This next fact we consider more of a public service announcement than anything, it’s imperative for anyone partaking in chocolate week to read very carefully what comes next… A lethal dose of chocolate for a human is just under 10kg, yes chocolate can be lethal. So, in theory, you could eat around 50 bars of Dairy Milk Chocolate bars that weigh 200g – everything in moderation, right?
Whether you’re a Cadbury lover, cocoa historian or a chocolate connoisseur – it doesn’t have to be chocolate week to visit some sweet attractions.
Happy Chocolate Week everyone!
It’s official, October is here. And that can only mean one thing… Guy Fawkes Night is a month away! But also, Halloween is approaching. Yes, the age old pagan festival – more like painful, right? (hope that pun landed somewhere.) ‘Tis the season of pumpkins, sweets and ridiculous costumes, but Halloween is very much the marmite amongst all the holidays. Some love it, and others, well.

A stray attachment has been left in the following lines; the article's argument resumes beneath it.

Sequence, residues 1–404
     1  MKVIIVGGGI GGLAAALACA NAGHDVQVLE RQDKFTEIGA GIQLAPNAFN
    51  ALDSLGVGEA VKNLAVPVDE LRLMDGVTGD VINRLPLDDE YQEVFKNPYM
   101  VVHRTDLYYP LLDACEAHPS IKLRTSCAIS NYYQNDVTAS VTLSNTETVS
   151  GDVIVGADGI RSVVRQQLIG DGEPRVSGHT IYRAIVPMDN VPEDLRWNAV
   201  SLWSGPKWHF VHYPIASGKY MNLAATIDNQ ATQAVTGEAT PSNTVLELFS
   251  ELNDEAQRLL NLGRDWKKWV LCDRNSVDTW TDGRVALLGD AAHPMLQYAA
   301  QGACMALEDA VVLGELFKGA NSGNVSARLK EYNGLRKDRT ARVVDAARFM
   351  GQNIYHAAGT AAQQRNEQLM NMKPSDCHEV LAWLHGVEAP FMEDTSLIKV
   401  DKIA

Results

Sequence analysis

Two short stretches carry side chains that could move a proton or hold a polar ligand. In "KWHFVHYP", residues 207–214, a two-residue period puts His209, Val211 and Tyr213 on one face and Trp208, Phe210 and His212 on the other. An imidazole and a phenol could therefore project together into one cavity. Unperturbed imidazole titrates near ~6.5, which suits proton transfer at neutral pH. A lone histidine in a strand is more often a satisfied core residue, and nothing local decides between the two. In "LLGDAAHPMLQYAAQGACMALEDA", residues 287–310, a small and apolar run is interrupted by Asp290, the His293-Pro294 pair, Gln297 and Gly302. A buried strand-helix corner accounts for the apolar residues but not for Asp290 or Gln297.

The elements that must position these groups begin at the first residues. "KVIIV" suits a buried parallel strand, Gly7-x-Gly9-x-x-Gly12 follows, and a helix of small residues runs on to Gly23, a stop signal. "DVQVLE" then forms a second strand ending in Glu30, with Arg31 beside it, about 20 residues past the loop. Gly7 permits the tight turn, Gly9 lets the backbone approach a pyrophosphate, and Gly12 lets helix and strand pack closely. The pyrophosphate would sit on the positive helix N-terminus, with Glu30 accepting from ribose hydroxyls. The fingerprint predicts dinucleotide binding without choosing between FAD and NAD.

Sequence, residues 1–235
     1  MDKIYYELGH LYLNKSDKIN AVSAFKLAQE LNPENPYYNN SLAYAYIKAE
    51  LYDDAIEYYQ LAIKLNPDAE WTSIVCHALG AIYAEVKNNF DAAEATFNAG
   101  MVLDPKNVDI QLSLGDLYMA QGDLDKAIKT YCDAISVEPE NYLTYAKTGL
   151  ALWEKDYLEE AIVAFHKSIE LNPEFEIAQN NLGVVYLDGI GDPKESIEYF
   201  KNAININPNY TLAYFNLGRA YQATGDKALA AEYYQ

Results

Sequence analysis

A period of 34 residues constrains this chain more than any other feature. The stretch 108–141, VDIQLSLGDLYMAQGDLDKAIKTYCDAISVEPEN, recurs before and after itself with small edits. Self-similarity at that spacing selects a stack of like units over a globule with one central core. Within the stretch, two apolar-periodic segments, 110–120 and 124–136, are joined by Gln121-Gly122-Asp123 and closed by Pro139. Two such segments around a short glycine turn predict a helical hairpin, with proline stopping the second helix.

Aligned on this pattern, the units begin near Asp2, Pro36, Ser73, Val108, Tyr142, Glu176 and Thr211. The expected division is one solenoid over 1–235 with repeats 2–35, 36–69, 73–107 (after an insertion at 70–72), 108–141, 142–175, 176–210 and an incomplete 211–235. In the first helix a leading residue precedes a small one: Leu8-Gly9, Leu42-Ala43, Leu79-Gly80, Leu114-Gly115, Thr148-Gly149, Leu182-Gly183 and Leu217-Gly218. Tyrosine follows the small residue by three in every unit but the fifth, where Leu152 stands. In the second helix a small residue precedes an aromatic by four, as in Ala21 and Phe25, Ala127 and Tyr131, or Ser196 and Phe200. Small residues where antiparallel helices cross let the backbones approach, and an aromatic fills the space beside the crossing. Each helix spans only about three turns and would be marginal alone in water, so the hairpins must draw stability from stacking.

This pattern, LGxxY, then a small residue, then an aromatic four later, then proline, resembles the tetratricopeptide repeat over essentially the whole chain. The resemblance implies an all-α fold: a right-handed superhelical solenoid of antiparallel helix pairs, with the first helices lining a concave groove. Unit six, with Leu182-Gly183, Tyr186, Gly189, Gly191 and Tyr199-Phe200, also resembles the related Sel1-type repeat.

Depending where you fall, you may or may not know about the origins and traditions of Halloween. And because it’s a little early for us to tell you what you can do this Halloween, we’ve put together a list of Halloween facts, to quench your spooky thirst.
Believed to date back over 2000 years to the ancient Celtic times, ‘Samhain’ or Halloween as it is now known, is the festival that signified the end of the harvest and the start of the new Celtic year. (November 1st) The ancient Celts would adorn costumes and light bonfires in order to frighten off spirits and ghosts. However, when Christianity first arrived in England and Europe, November 1st became All Saints Day, a day for the saints that didn’t have one of their own. The night before this, Christians would partake in a mass - ‘All hallows mass’, just a big ol’ mass which eventually became known as Halloween.